“Heading into the homestretch of this year’s election, Represent feels like a balm. A reminder that, win or lose, there’s something to be gained by reigniting people’s interest in civil engagement, especially at the local and state level. You don’t have to agree with everyone’s politics in the documentary, but it’s nonetheless fascinating to hear each story and feel reinvigorated and moved by their determination. “Represent” presents a clear-eyed view of American politics on an individual level."
"These women are connected in their desires to change their communities and restore faith in democracy. But the challenges abound, and as the film moves along, it becomes increasingly clear that running for office as a woman isn’t just about engaging inactive voters. In fact, Jones, Bird and Cho all face varying degrees of microaggressions and Bachelder does a good job of showing that these moments reflect larger, more systemic issues... what Represent does make clear is that without firm reinforcements, the system will continue celebrating clichés, like Year of the Woman, instead of permanently changing."
-The New York Times
In April of 2017, I sat in a sunlit room in Wisconsin, exchanging pleasantries with twenty or so local farmers. They were all women, and today they’d all raised their hands to say they were interested in running for office.
In the five months since Hillary Clinton had lost the presidential election, I’d been showing up to a lot of rooms like these and meeting women just like this. Unpolished but determined. Passionate about fire stations and ditches and the schools in their community and tired of waiting for someone else to fix things.
I knew this was a story I wanted to tell. I was looking for a window into the current political landscape, and I was interested in exploring the experiences of women in office beyond a tired “year of the woman” or “pink wave” trope. Local politics felt like the perfect place to dig in– an opportunity to both celebrate the important work being done at this level while interrogating the systemic failings and intrinsic biases apparent even in these “smallest” of elections. So I borrowed a friend’s camera, packed up my car, and spent the next few years chasing Myya, Bryn, and Julie through parades and fundraisers and chili cook-offs across the Midwest.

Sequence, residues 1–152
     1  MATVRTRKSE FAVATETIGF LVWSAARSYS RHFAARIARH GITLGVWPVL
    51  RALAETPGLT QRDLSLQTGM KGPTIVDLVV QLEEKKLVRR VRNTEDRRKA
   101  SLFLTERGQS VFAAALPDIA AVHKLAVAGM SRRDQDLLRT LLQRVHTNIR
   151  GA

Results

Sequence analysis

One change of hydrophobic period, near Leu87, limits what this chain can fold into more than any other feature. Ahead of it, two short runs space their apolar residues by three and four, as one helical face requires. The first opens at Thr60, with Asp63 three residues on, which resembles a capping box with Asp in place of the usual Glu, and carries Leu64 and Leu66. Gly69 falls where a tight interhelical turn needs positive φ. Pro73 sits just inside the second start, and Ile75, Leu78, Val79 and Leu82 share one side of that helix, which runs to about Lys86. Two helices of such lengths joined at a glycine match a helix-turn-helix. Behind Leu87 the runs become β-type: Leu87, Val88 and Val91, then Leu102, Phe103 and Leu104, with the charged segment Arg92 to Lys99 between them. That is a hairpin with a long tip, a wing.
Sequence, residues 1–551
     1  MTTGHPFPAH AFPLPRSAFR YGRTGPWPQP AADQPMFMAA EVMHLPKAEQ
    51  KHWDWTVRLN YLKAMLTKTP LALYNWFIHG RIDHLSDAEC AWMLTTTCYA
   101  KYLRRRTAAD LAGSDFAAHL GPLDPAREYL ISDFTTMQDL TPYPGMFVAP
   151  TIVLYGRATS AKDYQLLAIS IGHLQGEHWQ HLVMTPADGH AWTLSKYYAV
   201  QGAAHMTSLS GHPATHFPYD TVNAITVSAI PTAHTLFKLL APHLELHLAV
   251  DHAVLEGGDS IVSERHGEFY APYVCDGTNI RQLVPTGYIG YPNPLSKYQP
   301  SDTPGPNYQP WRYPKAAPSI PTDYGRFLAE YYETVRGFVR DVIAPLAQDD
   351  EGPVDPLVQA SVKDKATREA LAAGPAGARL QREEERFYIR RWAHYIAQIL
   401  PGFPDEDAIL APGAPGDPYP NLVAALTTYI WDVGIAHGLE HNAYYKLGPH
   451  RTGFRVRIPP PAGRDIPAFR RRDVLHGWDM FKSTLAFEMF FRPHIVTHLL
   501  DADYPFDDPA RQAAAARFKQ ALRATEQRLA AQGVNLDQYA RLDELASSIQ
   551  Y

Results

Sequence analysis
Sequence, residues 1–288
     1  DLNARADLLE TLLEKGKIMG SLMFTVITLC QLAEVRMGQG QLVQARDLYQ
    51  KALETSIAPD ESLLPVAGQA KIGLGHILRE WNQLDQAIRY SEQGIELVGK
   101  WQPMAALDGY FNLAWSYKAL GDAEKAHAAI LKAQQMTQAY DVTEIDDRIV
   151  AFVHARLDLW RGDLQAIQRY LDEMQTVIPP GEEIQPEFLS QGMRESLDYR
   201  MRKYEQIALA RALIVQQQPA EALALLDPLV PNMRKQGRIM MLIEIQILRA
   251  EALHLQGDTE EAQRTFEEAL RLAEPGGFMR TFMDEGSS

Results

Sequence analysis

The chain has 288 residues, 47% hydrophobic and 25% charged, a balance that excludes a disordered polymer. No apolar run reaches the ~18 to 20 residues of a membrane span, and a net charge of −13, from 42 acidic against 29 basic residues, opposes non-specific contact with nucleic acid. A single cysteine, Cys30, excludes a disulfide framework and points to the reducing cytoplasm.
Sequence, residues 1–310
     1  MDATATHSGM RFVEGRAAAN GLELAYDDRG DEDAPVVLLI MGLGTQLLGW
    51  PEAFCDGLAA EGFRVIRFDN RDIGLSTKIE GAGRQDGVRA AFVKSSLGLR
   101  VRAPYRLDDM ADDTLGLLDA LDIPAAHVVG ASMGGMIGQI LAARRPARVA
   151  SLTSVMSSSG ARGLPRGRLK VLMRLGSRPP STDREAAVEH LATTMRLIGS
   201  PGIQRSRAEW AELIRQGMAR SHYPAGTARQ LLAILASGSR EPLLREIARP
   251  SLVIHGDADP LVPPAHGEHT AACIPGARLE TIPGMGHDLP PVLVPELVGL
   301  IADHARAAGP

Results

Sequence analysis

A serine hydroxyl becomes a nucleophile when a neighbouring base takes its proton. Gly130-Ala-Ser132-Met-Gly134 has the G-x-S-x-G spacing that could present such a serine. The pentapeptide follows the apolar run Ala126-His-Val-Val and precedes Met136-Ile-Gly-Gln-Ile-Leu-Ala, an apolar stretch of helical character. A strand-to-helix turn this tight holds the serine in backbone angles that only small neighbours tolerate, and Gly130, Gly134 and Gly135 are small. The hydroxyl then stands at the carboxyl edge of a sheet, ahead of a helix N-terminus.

With a film titled “Represent,” it felt like my responsibility to ask big questions about the true power of representation. Yes, the demographics of elected officials are important, and gender identity, race, and sexual orientation on their own can be powerful symbols. But even more significant is a candidate stepping into a space that wasn’t built for them and still unapologetically bringing their whole selves into the spotlight with them. It was this revelation that grew into the backbone of the film. While Myya and Julie and Bryn check all sorts of disparate demographic boxes, they share a universal struggle to redefine repressive expectations for women in politics, and to exist in the public eye on their own terms.
I knew it was important, then, for me to present each woman as more than a campaign commercial. I needed to let them be full people with flaws, complicated relationships, and moments of vulnerability and opportunities for improvement. Represent deepens these portraits by developing stakes that extend beyond the campaign trail, and the arc of the film ultimately continues past election night to paint a richly personal picture of joy, of loss, of mother-daughter relationships, owning your narrative, and of growth.
I wanted to ask more from our audience as well. Represent pushes all of us to sit with people we may disagree with while still recognizing their worth, and to consider the subconscious creep of our own biases and preconceptions. Time and time again during production I found myself outside the lines of my original thesis, caught off guard by three complicated women and communities that defied conventional punditry. But it was these moments of discomfort, the grey areas and digressions, that I kept coming back to weeks later in the edit.
So that’s what I hope to offer now with Represent: a tender and often unexpected telling of three passionate candidates, the challenges they face, and a glimpse at what we all have to gain when women shape the future of our communities and ultimately, our country.
— Hillary Bachelder, Director/Editor/Cinematographer